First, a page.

Name and surname and department/division you are employed in:
Dr Thobela Nkukwana, Department of Animal Science
Do you think that discrimination is prevalent in NAS and/or the University? If so, what do you think can be done to eradicate it?
When I joined UP, I perceived racial and gender discrimination; however, I concluded that the institution has conflicting objectives as it seeks to transform and diversify but sustain organisational culture.
The University has done well in increasing the uptake of quality students of colour. However, throughput and their quality as UP graduates are not given much thought. It would seem that students of colour on historically white campuses encounter isolation during their university years, especially those emerging from rural and township schools. This can often affect their achievements, self-esteem and progress.
Likewise, redress in human resource onboarding has increased for both academic and administrative staff, but the workload for the new and old incumbents has increased. As a result, fewer people have been hired to replace a larger cohort of those who have retired or left the institution.
The requirement for career progression is a blur. There is no clear alignment in the criteria for recruitment for employment and performance appraisal for promotion. Although subtle, patriarchy is still at play, where females of all colours are not afforded the same promotional status and benefits as their male counterparts. I do not have facts, but this anomaly may also be interracial, with the white female having better benefits than black females and similarly with males. Detailed attention should be given to how behavioural and process-based forms of exclusion unfold, such as recruitment, hiring, and promotion.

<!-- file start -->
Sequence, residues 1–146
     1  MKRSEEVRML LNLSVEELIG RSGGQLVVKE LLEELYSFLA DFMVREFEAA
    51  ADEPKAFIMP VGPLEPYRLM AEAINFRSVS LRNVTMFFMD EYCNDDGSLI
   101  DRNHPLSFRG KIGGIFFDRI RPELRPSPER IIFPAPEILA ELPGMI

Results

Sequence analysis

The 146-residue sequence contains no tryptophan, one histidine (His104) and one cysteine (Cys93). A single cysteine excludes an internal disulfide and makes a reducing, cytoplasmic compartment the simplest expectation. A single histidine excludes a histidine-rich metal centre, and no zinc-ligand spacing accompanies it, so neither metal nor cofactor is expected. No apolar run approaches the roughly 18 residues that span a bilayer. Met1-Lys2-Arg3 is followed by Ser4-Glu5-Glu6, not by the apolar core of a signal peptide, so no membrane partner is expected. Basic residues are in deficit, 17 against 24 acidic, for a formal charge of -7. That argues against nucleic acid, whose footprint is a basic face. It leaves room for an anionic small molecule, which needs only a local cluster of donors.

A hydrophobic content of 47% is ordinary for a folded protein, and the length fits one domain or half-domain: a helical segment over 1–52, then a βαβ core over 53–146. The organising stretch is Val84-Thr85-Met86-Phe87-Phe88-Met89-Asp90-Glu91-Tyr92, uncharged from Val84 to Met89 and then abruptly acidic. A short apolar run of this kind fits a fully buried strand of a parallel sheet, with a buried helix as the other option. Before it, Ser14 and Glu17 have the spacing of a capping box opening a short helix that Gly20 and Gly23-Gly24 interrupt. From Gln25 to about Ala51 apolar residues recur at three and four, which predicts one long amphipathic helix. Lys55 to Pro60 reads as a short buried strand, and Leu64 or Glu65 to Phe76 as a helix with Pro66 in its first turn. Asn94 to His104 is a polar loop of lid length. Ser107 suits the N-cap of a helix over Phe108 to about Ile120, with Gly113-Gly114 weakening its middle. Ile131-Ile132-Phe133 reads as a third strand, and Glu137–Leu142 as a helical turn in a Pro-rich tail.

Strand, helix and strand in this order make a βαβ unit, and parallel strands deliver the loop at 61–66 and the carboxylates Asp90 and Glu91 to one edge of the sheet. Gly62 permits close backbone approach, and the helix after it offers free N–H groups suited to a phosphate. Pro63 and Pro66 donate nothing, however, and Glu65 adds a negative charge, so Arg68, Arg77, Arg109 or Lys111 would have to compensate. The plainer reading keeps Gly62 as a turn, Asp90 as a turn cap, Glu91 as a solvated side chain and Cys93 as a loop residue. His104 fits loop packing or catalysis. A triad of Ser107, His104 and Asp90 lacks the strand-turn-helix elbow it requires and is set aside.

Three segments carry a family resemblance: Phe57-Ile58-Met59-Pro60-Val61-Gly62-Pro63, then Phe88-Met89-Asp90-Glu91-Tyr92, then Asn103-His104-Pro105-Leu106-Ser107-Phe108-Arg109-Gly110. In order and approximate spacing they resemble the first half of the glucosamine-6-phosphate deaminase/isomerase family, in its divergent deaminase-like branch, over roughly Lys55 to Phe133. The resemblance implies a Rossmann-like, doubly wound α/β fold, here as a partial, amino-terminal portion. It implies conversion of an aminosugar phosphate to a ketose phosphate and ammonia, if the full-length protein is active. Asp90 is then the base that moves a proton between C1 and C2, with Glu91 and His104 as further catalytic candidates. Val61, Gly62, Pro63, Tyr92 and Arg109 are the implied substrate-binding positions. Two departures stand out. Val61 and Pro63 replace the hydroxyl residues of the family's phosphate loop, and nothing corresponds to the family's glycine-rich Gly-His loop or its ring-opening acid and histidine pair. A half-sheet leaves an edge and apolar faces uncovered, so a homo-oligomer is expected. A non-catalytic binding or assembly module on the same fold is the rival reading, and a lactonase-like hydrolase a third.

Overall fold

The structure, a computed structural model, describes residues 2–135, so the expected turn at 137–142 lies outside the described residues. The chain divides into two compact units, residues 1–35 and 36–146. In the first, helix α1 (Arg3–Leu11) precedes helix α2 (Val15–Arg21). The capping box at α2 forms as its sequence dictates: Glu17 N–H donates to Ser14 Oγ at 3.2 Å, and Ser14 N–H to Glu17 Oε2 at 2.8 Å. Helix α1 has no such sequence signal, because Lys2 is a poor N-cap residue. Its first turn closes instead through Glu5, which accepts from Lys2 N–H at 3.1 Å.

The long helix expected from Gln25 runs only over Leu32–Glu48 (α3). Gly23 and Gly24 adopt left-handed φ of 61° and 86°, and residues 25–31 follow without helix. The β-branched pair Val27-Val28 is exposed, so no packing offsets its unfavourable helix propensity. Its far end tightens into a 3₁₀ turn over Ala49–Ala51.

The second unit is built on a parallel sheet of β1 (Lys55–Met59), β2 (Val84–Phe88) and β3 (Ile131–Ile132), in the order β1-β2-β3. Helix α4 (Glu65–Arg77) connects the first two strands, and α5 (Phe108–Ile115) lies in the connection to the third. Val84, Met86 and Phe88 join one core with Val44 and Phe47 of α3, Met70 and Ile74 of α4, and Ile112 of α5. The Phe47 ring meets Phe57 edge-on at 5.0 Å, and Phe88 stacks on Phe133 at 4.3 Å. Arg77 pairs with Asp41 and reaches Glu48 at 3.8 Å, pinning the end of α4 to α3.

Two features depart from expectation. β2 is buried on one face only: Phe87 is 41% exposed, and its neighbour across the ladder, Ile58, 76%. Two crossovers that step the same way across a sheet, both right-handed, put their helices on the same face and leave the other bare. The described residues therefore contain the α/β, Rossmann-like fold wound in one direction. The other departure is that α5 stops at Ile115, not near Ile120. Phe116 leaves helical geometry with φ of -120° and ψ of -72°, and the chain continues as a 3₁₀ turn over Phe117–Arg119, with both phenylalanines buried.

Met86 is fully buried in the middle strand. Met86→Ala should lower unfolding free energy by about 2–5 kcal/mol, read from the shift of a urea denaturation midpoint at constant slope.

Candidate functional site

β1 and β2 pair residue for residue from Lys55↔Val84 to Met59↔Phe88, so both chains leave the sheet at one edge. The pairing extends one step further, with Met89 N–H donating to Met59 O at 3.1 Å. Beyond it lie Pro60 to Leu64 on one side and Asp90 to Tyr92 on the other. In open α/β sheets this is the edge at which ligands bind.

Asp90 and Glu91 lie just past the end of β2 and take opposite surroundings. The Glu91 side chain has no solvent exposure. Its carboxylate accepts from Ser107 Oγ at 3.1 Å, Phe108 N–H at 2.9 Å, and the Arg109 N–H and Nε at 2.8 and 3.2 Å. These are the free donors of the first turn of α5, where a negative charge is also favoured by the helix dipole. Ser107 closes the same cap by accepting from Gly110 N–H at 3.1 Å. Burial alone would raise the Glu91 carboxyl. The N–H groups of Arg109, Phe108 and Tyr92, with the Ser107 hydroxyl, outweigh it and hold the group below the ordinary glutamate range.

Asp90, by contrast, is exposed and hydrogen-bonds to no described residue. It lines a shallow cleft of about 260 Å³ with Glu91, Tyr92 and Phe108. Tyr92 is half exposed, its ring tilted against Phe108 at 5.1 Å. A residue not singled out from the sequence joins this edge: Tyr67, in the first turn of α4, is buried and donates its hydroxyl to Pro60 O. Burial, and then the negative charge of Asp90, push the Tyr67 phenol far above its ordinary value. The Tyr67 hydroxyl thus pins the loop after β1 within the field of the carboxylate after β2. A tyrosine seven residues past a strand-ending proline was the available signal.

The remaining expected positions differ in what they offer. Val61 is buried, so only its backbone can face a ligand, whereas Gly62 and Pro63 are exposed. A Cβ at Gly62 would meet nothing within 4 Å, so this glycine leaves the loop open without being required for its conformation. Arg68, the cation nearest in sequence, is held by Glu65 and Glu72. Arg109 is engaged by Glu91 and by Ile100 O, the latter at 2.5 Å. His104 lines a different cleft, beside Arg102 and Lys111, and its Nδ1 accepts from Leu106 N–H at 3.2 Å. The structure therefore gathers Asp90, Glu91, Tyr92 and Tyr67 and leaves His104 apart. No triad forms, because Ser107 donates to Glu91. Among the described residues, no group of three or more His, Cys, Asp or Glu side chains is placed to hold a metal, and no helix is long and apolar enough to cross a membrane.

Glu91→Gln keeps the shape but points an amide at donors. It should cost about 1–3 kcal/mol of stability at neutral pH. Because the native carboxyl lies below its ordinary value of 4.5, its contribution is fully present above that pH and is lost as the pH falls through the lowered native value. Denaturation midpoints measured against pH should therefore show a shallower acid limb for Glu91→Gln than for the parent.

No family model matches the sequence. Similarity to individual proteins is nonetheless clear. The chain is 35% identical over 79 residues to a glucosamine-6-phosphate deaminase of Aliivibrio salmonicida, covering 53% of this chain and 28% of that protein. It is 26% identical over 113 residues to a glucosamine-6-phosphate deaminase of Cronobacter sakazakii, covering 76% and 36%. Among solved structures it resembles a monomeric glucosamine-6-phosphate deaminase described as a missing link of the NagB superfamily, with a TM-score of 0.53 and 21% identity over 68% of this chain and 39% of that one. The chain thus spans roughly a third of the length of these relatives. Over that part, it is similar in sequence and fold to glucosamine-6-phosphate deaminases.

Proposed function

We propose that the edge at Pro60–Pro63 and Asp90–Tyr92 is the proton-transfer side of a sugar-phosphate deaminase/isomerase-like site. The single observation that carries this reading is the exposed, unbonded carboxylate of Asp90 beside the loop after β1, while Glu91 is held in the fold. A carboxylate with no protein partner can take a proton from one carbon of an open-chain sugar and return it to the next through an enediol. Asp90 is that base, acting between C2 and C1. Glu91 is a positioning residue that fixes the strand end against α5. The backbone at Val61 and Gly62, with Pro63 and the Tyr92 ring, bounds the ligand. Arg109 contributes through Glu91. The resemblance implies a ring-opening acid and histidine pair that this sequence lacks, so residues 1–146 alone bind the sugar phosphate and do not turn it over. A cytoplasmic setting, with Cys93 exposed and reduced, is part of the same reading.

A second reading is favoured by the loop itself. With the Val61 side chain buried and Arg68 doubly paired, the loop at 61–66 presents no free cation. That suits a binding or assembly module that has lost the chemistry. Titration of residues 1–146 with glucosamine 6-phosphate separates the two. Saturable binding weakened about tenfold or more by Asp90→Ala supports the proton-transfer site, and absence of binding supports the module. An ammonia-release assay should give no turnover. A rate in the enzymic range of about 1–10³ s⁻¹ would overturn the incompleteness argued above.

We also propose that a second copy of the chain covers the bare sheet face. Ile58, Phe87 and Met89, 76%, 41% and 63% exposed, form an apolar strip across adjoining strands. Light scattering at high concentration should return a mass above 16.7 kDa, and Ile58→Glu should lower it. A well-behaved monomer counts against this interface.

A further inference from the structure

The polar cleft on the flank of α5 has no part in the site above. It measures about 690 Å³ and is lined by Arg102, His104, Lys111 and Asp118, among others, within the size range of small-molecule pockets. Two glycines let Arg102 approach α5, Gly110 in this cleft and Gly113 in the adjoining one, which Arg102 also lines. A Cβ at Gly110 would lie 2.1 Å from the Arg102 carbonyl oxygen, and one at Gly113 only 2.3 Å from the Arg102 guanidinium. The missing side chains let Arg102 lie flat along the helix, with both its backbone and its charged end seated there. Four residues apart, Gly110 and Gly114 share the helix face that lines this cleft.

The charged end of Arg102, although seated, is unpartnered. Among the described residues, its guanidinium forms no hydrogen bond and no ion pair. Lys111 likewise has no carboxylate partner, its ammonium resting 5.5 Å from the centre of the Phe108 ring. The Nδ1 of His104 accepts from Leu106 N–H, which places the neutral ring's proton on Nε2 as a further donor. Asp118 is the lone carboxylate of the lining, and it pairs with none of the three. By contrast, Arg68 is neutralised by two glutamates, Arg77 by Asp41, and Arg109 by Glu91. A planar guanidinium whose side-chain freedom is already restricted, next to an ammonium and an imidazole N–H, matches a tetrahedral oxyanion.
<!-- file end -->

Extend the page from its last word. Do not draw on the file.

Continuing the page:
Do the University and society do enough to prevent GBV? What ideas do you have to put a stop to GBV?
Many decision-makers in educational institutions are reluctant to probe deeply into how gender-based exclusionary processes and mistreatment transpire daily on their campuses. Micro-aggressions, implicit and unconscious biases underscore the impact of consequential macro-aggressions) and gender-based inequalities. To address this scourge, we ought to educate both males and females on gender-based violence and its consequences. The ethical approach is to protect females by empowering them with human values, knowing their worth, and educating males on respecting and promoting human values.
What is your pledge to help to make NAS a better place for all of us?
I pledge to support all endeavours by NAS to make the University of Pretoria a better place for all of its community and the broader society in our country. We must track changes, reject what does not work, and accept and build upon what seems to meet our vision for the NAS community. The goal is to create a more inclusive working, learning, and living environments in higher education. Inclusivity in diversity is vital; social justice and racial justice are not enough.